|Lygodium palmatum sporeling at five months old. |
In a previous post I talked about the biology and ecology of the Hartford Fern, Lygodium palmatum, America's lone native species of climbing fern. In this post I will discuss the process of growing this rare and botanically interesting plant from spores, which turns out to be relatively quick and unproblematic, as fern propagation goes.
Spores: Plant material of Lygodium palmatum is occasionally available from mail order nurseries, but the only regular source of spores that I am aware of is the American Fern Society's spore exchange, currently meticulously curated by Brian Aikins in Washington state. Spores could also be collected from mature plants in late autumn, if one happens to already have access to cultivated plants.
|Lygodium palmatum, gametophyte (dark green) with one-leaved sporophyte emerging (light green).|
Soil: Hartford Fern grows in acidic soil, so I have used a light, acidic mixture of sphagnum peat moss and perlite for starting spores. I pasteurize small batches of soil in a microwave (on high for about five minutes), which helps to prevent or at least delay contamination of spore pots by algae and moss.
Sowing Spore: Lygodium spores are as fine as dust and must be sown on the surface of pots of soil, where they will be exposed to light. Temperate zone ferns like L. palmatum are best started in spring; no special pre-treatment, such as cold stratification, is needed. Ideally, spores should be sown thinly, so that the sporelings will have a little space between them, but this is difficult to accomplish. The soil is kept moist to wet by watering from below or with gentle misting, and the whole pot should be kept in a humid, closed environment in a plastic bag or terrarium. Bright but indirect light is best (such as in an east-facing window, or at the periphery of a grow light setup).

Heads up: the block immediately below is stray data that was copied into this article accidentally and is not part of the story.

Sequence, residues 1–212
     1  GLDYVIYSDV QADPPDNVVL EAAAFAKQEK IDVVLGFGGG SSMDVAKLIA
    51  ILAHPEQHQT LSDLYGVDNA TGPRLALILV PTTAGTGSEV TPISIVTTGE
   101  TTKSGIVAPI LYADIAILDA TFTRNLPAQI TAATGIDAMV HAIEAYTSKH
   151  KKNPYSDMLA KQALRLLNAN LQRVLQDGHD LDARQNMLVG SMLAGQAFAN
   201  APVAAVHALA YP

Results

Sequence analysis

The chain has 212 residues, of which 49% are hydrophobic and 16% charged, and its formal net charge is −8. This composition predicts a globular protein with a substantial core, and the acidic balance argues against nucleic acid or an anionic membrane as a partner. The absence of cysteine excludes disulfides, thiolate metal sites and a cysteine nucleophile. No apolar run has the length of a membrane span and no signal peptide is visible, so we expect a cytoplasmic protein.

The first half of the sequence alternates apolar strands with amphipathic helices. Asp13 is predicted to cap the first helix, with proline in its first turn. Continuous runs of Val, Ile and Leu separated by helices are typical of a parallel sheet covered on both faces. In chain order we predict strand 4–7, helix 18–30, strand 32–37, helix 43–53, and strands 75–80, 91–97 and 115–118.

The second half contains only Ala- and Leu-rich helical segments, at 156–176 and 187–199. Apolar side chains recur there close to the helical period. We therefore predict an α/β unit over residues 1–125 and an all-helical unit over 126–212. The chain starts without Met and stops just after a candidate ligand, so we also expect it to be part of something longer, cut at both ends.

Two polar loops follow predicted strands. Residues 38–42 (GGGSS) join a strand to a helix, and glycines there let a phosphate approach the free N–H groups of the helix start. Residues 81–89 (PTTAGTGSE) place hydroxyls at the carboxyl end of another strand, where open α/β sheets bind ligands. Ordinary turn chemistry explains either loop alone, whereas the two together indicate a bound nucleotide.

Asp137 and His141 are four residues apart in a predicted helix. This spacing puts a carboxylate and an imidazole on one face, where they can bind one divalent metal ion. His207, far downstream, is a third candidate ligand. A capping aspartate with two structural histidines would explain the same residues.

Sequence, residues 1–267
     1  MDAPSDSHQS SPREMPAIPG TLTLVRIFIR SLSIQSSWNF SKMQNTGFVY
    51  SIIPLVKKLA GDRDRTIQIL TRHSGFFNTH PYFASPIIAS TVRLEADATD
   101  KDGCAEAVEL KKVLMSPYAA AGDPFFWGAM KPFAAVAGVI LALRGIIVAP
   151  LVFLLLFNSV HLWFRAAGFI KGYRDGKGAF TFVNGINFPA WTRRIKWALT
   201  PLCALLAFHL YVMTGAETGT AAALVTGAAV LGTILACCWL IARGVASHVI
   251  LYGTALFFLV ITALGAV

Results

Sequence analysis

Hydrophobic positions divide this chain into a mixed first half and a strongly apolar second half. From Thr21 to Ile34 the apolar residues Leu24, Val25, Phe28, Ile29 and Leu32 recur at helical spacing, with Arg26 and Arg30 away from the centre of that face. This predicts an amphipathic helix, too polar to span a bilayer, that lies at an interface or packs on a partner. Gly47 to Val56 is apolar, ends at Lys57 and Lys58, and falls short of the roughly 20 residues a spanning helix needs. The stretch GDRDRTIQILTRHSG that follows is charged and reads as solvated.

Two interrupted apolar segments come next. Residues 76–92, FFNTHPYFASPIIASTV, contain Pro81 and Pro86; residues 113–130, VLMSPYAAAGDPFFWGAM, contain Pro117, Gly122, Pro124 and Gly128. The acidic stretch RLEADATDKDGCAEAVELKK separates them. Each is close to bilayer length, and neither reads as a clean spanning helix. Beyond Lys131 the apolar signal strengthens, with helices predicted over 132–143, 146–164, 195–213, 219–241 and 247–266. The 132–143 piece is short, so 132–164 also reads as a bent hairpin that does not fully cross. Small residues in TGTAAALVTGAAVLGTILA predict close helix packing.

Germination and Sporeling Care: Lygodium spores germinate within a month or so, giving rise to crinkly, dark-green gametophytes. Gametophytes are the haploid (only one set of chromosomes), gamete-producing phase of the plant alternation of generations. The spore sowing mix has very little nutrient content on its own, so misting several times a month with half-strength water-soluble houseplant fertilizer is needed from germination on.
The gametophytes take several months to mature, at which point they produce sperm and eggs, fertilization takes place, and tiny, light-green leaves start to emerge from the undersides of the gametophytes. These light-green leaves are the young sporophytes, the diploid, spore-producing phase of the life cycle. In ferns, the sporophyte is the large, long-lived phase of the life cycle; what we typically think of as a fern plant.
The sporelings can be transplanted out to individual pots when the sporophytes have one or two fully expanded leaves and are about a centimeter or two across; this will probably be in summer, about four months after sowing. Transplants should be gradually adjusted to brighter sun and lower humidity, in preparation for overwintering the young plants in a cold greenhouse or sheltered position outdoors.
|Lygodium palmatum, 6 month sporeling starting to put out dissected leaves. |